Trump should stop enabling American 'victims'
Sure, for those interested in higher education, there are affordable options and financial aid available. But we can't always get into the college of our choice -- especially if we must overcome "reverse discrimination" because we're white.
Sure, there are jobs aplenty and "Help Wanted" signs as far as the eye can see. But we have to compete for our employment -- including against illegal immigrants.
And sure, we live in a constitutional republic where the people come first, and that's something that a lot people around the globe would fight -- and die - for. But we get upset now and then with elected officials and frustrated with our government.
Is this really as bad as it gets, folks? Because, I have to say, compared with what people in other parts of the world have to go through every day just to have essentials such as water, food and shelter, the challenges that Americans face seem like champagne problems.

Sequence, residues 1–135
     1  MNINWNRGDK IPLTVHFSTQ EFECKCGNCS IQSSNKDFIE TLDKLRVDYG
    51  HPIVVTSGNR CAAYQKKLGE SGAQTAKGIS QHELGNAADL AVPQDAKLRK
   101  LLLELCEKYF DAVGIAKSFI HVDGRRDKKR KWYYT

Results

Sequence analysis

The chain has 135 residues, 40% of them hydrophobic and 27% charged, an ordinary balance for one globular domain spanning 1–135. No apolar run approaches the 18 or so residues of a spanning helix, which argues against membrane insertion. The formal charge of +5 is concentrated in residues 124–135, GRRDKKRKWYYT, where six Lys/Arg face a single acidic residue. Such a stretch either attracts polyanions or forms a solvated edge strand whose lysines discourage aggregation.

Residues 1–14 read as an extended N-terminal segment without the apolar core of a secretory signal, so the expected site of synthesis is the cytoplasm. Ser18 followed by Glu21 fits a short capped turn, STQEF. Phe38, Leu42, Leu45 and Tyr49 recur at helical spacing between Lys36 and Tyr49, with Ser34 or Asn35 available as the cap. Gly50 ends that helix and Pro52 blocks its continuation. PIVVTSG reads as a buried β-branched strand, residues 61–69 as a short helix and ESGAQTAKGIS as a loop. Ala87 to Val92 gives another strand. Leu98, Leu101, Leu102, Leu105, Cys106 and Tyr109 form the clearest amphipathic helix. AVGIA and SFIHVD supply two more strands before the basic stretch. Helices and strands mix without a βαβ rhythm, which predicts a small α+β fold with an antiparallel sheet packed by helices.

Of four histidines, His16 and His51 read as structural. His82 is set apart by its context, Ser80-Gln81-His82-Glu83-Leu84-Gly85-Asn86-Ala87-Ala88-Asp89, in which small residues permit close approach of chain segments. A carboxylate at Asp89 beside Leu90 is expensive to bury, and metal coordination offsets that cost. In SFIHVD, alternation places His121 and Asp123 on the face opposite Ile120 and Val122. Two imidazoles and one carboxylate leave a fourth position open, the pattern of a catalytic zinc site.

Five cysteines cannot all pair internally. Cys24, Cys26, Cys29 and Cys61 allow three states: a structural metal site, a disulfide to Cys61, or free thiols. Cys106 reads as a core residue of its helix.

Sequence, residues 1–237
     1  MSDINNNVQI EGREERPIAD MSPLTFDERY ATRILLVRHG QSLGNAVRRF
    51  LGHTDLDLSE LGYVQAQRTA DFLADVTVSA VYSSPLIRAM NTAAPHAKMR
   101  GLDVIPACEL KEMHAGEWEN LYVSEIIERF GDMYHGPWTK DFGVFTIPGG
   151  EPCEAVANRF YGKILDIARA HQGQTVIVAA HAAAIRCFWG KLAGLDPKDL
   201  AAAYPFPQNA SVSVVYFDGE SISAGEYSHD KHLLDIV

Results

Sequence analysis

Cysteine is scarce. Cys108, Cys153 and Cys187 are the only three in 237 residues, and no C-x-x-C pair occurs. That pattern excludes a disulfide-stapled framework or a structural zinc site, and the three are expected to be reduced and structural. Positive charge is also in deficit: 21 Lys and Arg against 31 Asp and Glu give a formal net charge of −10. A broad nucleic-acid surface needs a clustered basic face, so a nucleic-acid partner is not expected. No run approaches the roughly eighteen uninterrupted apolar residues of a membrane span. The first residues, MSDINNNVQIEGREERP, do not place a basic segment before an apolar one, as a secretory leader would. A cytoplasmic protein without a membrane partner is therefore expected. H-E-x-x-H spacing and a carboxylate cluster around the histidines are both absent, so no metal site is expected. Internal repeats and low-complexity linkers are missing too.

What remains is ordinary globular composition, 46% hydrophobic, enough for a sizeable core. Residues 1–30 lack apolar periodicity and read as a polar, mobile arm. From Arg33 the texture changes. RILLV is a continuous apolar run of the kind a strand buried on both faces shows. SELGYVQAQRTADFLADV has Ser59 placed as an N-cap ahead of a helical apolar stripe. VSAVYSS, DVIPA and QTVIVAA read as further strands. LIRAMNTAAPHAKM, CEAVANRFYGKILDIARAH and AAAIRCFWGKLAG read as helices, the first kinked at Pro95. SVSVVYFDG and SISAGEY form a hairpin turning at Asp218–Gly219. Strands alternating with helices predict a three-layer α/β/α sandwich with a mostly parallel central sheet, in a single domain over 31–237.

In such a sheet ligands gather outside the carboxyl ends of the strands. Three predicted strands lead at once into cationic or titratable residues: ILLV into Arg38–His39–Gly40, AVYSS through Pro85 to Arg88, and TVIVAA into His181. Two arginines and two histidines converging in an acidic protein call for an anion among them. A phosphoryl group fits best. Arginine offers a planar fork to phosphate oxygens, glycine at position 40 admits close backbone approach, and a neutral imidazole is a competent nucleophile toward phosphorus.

Besides, this country offers the power of redemption and renewal. Unlike many other places, you can be born in poverty, but that doesn't mean that poverty is born in you. If you can't find a job, you can move. If you lose a job, you can start a business. If your business fails, you can start another.
Let's face it. Americans are spoiled, and we take a lot of things for granted. At the top of the list are freedom and opportunity. We ought to be less resentful, and more grateful.
Trump should say so, instead of constantly pushing the narrative that Americans are victims and that only he can ease their suffering. That's not empathizing. It's enabling.
Maybe the president is not up to the task. But we can dream.
Ruben Navarrette's email address is firstname.lastname@example.org. His daily podcast, "Navarrette Nation," is available through every podcast app.
(c) 2018, The Washington Post Writers Group